Data were collected from medical records for all hospital deaths over 24 months. It was determined that 65% of deaths had occurred in the ICU. No patient transferred to the ICU, who subsequently died, had discussed palliation or EoLC as a treatment option. ICU patients underwent more invasive tests and were less likely to have adequate pain control or hospice referral than those who died on a general ward. Rady and Johnson ascertained that the EoLC was disrupted for patients with pre-existing, fatal, chronic illness when they were admitted to the ICU. This finding raises questions about the appropriateness of ICU admission for such patients.

Case scenario

Winnie, a 71-year-old woman, was admitted to hospital via accident and emergency (A&E) with a strangulated hernia requiring surgical intervention. On induction of anaesthesia, Winnie suffered cardiac arrest and spent some time without cardiac output. Once a sustainable cardiac rhythm was re-established, Winnie was transferred to the intensive care unit (ICU). The following day she underwent surgery, before returning to the ICU.

Post-surgical sedation was discontinued with the intention of weaning Winnie from mechanical ventilation. It became apparent, however, that Winnie had suffered hypoxic brain injury during the cardiac arrest. Although she was able to breathe spontaneously, there was significant neurological deficit. A computerised tomography (CT) scan of the brain was inconclusive. An electroencephalogram (EEG) demonstrated significant brain injury.

Winnie was a widow. She had four children and many grandchildren. Within the family she was a respected, central figure. The family needed information regarding how the brain injury had occurred, present and future management plans and likely prognosis. Unfortunately, conflict arose between family members and healthcare staff resulting from seemingly contradictory information being given to various family members by different healthcare personnel. The family developed a lack of trust of, and perceived lack of collaboration within, the healthcare team.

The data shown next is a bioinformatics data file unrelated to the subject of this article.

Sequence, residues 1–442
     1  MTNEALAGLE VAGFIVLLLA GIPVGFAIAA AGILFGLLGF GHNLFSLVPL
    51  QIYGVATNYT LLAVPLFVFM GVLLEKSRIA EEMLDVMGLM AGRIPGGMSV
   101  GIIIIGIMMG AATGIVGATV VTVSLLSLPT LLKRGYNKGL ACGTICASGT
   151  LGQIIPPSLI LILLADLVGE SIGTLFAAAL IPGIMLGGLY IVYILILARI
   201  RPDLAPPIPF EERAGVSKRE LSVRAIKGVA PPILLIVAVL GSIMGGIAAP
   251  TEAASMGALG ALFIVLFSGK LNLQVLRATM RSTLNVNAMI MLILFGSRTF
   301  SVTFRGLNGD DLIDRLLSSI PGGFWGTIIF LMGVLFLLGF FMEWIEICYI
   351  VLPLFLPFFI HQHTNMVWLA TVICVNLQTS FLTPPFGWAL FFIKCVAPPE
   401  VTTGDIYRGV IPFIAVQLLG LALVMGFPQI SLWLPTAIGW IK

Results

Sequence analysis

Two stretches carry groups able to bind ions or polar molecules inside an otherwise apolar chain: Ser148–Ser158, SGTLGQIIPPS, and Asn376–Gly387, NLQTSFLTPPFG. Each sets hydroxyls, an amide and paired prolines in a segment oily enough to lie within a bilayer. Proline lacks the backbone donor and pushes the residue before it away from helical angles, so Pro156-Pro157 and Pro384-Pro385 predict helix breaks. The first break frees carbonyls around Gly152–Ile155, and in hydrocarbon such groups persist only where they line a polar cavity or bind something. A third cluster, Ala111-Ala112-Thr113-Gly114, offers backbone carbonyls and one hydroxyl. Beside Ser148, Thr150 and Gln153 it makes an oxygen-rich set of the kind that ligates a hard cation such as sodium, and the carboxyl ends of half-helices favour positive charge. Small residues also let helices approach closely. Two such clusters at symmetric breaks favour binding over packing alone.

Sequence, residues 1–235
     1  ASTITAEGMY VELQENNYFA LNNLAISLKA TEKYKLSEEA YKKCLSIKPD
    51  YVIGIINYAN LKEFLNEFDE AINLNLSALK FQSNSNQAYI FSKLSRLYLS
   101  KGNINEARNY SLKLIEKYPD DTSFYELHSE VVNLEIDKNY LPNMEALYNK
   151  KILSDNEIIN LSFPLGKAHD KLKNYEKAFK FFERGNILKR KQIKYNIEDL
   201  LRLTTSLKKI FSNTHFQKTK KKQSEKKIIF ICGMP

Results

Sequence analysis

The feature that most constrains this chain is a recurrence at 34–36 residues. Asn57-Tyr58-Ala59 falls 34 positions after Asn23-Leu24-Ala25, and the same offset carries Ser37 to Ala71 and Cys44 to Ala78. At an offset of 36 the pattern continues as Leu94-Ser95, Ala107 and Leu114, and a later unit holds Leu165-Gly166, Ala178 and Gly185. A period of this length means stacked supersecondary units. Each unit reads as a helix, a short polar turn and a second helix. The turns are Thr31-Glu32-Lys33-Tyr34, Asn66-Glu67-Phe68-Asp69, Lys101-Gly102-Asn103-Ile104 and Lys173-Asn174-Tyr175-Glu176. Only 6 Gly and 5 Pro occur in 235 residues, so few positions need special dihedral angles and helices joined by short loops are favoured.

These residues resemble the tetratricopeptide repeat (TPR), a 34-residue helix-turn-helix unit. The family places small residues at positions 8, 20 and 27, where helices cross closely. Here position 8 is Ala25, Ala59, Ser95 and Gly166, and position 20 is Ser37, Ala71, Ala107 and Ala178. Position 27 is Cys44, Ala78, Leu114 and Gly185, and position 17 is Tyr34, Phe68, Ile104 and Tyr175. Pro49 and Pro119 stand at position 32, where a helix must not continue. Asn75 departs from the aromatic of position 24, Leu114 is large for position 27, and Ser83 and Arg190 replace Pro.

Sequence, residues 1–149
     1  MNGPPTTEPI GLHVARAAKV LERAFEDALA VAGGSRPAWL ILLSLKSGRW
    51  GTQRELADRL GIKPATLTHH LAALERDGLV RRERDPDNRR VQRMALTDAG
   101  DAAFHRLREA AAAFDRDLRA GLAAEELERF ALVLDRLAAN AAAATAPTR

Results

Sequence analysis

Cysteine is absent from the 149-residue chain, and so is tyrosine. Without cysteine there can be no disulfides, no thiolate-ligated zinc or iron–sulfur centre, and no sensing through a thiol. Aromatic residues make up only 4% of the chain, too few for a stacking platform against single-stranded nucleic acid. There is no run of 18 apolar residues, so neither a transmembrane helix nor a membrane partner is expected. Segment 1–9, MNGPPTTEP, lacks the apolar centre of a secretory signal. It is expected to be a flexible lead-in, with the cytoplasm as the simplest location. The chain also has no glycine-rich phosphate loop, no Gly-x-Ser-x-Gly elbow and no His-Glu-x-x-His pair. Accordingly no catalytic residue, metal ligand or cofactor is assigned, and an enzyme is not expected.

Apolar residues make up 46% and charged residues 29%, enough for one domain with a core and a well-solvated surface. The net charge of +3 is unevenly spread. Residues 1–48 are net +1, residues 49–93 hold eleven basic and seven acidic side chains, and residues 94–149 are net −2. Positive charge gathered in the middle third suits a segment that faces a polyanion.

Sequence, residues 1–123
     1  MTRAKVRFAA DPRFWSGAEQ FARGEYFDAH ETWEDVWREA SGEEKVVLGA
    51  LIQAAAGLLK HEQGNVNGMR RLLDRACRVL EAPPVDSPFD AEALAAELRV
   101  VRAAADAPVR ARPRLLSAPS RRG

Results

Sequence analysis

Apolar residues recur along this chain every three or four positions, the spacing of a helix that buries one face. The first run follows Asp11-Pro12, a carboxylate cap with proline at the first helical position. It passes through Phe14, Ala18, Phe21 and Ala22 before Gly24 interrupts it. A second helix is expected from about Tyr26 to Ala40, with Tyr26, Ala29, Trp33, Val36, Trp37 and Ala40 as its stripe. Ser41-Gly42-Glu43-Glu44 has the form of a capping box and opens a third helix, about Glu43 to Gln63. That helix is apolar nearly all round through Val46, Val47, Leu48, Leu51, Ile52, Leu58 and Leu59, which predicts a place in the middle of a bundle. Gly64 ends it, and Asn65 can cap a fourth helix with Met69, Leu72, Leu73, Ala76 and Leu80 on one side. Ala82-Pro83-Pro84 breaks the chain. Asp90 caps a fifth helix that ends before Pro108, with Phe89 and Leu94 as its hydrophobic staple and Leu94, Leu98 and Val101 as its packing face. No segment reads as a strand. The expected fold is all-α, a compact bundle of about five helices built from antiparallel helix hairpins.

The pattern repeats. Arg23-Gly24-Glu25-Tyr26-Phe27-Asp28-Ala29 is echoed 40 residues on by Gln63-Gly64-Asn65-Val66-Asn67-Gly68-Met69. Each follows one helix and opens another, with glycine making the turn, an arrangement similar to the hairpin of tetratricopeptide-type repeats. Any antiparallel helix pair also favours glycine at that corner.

Communication breakdown resulted from nursing shift changes causing inconsistent care delivery. Lack of experience caring for patients such as Winnie and the need for communication skills training also contributed. The surgical team stressed to the family how successful the hernia repair had been, not acknowledging the severity of Winnie’s other medical problems, and creating a falsely, reassuring picture. Family discussions were inconsistently documented.

A more intense level of communication began only after the family complained. On investigation it appeared that uniform information had been provided, but it was misconstrued because of the use of ambiguous medical terminology. Winnie was eventually weaned from mechanical ventilation and no longer required invasive treatment. She was transferred to a medical ward. She died 2 weeks later from pneumonia.

It must be noted that the study relied solely on retrospective documentary analysis and all patient options may not have been recorded, i.e. documentation may have been poor and contemporaneous report writing not practised. Also, the study did not mention whether patients selected were already inpatients. This is relevant because emergency admissions rarely have the opportunity to discuss care options.